DENVER (Reuters) – If the global economy hits the skids, the warning may come from the hop-covered taproom of the Denver Beer Co, where yearly sales are up 17% and founder Charlie Berger says the new “Juicy Freak” India Pale Ale is a bestseller despite its $1-per-pint higher price tag.
Bars and restaurants have been mainstays of a U.S. economic expansion that rests squarely on consumer spending, and if businesses like Berger’s start to slow it’s a short step from there to jobs, wages, business sentiment and world demand.
Numbers - Berger - Growth - Taproom - Sales
“These were numbers we couldn’t believe,” Berger said of the growth in his main taproom sales and the 30% jump in output over the past year, to 20,000 barrels, at the company’s main production brewery.
If the view from this open-air bar remains rosy, it’s amid a decidedly mixed picture elsewhere in the United States and the world as economists and policymakers take note of what has become a consumer-dependent – and potentially fragile – global growth picture.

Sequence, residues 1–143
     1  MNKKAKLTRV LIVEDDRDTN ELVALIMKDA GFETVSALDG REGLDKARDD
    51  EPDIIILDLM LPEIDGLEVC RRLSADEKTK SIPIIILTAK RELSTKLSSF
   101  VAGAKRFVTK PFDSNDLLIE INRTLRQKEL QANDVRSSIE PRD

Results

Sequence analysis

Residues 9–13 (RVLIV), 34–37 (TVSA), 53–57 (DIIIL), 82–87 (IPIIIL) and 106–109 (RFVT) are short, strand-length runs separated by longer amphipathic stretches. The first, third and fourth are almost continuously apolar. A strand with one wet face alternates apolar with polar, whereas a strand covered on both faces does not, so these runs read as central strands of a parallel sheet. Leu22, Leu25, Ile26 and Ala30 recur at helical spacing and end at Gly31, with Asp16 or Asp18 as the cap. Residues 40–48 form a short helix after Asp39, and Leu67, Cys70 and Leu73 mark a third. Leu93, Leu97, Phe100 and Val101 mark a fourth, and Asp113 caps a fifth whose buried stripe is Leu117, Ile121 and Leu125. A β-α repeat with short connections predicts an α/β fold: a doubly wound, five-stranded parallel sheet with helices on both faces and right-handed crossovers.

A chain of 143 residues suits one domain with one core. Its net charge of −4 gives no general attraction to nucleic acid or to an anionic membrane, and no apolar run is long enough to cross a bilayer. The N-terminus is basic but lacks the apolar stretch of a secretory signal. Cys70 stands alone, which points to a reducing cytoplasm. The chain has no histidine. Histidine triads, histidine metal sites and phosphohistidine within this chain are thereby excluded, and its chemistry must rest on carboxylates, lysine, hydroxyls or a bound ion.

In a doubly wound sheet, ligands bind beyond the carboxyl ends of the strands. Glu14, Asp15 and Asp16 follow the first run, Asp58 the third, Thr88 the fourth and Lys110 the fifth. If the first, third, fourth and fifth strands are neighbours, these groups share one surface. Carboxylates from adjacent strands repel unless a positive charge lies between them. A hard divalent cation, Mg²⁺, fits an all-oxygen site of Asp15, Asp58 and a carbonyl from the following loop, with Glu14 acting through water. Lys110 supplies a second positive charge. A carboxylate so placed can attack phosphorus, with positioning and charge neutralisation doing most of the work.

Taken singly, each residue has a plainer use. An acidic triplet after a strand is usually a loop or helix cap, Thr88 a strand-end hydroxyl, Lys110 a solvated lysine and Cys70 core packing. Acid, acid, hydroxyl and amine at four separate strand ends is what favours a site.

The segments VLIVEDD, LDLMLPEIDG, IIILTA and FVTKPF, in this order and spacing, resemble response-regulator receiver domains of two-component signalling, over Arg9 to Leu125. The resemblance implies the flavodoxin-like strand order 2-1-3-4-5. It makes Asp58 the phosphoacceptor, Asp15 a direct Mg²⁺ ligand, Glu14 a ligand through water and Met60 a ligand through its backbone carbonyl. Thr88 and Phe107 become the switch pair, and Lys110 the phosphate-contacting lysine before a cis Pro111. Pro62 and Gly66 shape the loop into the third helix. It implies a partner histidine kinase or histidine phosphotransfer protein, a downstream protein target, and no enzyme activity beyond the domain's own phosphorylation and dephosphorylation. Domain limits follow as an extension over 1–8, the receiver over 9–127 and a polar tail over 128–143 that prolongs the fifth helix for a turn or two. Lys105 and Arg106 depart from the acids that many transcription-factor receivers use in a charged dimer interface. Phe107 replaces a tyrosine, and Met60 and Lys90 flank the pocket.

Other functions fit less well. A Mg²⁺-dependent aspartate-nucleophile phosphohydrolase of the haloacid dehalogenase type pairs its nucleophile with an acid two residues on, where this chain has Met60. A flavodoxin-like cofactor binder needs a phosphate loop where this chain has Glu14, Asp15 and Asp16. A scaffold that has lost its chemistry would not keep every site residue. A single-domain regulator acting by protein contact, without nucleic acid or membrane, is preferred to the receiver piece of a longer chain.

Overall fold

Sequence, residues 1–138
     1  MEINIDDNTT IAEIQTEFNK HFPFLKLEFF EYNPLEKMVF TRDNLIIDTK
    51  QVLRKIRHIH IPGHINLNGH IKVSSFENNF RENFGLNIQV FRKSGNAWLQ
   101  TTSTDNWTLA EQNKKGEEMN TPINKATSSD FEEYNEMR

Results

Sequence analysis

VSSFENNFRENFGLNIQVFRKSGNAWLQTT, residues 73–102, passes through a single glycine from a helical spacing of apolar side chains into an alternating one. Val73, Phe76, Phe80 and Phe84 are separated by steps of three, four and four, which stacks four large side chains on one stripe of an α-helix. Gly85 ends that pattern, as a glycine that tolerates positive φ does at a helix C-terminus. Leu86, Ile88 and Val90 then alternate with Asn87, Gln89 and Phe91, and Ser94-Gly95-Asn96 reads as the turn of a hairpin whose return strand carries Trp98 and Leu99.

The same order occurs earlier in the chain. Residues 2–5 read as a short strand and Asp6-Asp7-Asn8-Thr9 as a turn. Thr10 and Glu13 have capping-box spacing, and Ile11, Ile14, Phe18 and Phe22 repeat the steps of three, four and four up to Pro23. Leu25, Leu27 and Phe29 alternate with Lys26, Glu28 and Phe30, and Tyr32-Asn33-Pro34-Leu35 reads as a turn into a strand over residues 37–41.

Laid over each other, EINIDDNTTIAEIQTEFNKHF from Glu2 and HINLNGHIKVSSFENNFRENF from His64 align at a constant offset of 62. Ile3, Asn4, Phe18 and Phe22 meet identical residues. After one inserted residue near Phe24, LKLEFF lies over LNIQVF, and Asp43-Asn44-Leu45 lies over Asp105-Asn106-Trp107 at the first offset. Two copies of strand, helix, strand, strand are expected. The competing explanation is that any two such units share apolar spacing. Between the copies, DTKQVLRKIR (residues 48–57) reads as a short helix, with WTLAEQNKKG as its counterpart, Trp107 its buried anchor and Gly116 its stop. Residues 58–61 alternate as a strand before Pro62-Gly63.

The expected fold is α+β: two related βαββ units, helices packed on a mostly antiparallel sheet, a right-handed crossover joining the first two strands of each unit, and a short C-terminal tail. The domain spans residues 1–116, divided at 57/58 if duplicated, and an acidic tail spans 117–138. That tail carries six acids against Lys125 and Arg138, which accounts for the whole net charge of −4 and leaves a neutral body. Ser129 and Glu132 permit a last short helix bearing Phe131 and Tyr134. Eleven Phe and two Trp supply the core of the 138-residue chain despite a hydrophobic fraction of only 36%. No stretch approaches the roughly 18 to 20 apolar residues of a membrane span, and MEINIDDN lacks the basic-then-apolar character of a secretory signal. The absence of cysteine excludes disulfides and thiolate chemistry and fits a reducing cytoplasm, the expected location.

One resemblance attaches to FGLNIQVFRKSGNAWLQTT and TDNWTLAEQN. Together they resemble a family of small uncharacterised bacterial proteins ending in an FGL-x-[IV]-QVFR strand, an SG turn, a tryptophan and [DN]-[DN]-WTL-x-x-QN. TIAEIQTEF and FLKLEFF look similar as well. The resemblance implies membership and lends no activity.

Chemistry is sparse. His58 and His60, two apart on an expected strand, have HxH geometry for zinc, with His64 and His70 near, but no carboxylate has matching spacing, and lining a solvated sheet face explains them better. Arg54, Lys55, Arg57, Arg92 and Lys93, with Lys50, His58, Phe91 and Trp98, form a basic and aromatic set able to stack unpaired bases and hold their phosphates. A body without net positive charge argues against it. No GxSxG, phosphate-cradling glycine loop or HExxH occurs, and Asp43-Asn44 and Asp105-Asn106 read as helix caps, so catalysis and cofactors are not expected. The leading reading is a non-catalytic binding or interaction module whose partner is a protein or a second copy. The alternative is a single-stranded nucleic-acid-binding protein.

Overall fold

International - Monetary - Fund - Week - Outlook
The International Monetary Fund this week downgraded its outlook for world growth in 2019 to 3%, the slowest pace since the global financial crisis more than a decade ago. Officials cited stalled trade and investment as the culprit, leaving household spending as the main support for private-sector growth.
That may itself be coming under pressure.
China - Shopkeepers - Demand - Cases - Purchases
In China, shopkeepers tell of waning demand that has made them more cautious, in some cases delaying personal purchases and amplifying the effect of that uncertainty. Embroiled in a trade war with the United States, China saw its economic growth slow to 6.2% in the second quarter on a year-on-year basis, its weakest pace in at least 27 years. Retail sales growth is the weakest since early 2003, and Chinese car sales declined last year for the first time since the 1990s.
“Our business has...
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